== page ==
As time progressed and men went out to work, again leaving the woman at home with the children, the sons of the family lost the father figure. With dad gone all day only to return when Timmy is in bed or too tired to interact if he was still awake, Timmy had no real male role-model to learn from and emulate.

Then throw in the World Wars where dad was gone for sometimes years and often returned even more emotionally fucked up, its little wonder we find ourselves in the emotional mess we have today.


LET’S SHOOT SOME SHIT UP – “FUCK yeah – ooh, do you like my belt buckle?

To add further to our problems is the way that society has perceived men and what it is to be masculine.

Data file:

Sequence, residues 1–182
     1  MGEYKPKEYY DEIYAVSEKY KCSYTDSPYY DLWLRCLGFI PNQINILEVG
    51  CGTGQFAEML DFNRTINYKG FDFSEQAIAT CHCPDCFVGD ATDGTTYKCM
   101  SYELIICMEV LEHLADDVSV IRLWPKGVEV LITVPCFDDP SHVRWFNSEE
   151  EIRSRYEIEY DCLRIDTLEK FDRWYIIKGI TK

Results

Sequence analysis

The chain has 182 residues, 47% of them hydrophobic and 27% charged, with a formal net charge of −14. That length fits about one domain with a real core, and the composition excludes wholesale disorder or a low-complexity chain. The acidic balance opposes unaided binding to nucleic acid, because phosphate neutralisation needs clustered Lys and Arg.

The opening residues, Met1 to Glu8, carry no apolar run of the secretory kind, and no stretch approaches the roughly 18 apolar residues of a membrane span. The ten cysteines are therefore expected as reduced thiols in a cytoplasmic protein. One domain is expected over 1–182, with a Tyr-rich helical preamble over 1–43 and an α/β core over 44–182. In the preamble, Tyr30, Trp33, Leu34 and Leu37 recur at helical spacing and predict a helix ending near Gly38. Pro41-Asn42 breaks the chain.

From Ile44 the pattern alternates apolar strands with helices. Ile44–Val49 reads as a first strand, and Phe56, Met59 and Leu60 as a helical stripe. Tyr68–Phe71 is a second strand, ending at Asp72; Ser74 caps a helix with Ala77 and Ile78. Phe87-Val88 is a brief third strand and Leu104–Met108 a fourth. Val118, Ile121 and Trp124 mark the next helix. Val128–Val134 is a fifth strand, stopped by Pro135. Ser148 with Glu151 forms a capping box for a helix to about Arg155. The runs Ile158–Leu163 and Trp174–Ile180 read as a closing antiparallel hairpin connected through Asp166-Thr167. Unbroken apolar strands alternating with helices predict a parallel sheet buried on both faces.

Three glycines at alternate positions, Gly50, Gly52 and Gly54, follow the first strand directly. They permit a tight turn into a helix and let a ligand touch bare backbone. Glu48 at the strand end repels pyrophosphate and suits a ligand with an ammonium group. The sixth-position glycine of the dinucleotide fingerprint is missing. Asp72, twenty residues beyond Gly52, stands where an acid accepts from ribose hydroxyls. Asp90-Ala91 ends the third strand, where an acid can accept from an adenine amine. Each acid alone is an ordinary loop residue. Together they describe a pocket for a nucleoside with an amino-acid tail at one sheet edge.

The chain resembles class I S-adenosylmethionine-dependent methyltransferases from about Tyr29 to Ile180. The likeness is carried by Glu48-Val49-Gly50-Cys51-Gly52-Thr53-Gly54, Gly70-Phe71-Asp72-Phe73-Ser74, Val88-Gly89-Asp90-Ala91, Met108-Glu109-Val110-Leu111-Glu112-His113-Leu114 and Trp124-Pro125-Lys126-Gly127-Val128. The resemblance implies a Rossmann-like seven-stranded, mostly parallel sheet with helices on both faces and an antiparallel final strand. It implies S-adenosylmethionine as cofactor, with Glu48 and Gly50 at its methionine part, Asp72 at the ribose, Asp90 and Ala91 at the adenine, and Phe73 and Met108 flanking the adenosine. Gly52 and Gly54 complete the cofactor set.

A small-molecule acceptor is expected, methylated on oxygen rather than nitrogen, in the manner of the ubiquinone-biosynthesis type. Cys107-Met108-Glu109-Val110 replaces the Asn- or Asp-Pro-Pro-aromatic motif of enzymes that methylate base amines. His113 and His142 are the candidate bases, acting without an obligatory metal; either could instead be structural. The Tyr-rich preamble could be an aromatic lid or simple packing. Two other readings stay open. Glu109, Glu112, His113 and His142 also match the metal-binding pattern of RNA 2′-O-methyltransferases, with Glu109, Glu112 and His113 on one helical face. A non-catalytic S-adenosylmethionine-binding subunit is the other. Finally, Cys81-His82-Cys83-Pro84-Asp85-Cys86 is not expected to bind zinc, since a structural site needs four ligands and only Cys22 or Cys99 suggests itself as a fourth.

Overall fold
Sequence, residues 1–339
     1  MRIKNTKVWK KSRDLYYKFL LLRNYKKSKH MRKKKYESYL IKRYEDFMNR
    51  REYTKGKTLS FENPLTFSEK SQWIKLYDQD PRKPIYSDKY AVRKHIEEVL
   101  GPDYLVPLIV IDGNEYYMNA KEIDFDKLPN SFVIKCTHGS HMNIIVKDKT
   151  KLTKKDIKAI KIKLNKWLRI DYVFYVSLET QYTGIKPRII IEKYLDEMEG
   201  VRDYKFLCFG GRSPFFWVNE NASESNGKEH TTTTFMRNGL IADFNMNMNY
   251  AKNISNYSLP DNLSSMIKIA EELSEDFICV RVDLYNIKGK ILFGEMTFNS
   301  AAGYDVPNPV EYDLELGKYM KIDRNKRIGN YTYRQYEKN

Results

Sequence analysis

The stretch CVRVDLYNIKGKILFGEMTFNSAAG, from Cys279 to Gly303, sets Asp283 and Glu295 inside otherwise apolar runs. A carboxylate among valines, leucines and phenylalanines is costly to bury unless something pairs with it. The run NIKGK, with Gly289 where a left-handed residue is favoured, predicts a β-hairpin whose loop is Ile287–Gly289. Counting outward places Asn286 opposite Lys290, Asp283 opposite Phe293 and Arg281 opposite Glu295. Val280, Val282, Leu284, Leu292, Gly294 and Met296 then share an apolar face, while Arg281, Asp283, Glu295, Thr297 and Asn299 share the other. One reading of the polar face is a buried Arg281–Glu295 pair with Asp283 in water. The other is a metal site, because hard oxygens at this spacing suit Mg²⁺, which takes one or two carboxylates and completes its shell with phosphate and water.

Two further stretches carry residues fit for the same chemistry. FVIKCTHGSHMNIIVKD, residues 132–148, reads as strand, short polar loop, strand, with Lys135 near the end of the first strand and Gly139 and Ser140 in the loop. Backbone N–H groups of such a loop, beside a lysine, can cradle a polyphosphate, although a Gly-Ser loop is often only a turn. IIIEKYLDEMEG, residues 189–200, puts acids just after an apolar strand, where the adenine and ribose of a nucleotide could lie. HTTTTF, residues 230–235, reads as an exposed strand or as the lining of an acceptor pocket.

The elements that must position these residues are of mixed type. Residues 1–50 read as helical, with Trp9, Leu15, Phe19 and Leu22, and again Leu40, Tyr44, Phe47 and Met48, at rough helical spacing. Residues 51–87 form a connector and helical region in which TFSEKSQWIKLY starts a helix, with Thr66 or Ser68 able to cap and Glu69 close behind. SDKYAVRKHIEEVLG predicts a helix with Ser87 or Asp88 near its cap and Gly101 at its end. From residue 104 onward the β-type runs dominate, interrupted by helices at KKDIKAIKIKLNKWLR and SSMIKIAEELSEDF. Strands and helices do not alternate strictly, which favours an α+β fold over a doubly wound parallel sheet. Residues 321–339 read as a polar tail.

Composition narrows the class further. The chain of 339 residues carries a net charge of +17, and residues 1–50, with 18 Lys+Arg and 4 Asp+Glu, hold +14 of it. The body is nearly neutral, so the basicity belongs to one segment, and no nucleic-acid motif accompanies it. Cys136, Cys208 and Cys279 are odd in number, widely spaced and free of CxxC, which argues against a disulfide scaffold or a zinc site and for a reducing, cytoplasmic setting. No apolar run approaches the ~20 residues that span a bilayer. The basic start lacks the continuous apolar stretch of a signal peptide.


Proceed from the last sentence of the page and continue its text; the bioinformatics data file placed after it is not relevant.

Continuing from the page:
Traditionally, pop-culture through all ages has brought to us the ‘Matcho’ figure; the heroic male, often facing diversity alone. This same figure passed down through stores, myths and legend have pretty much had the same personality for hundreds of years and today he shows up as the protagonist in the big blockbuster movies.

We have been taught that “boys don’t cry”, to just “get on with things” and to “not show any weakness”; and so we did, further adding to our own problems.

This results in men suppressing, denying and simply hiding any kind of emotion and vulnerability, to the extent where sometimes we simply do not recognise what emotion it is when it does actually surface.

To the female readers of this article, this may be a little tricky to get your head around but yes, all too often many men literally cannot tell the difference between feeling sad, angry and surprisingly, even happy.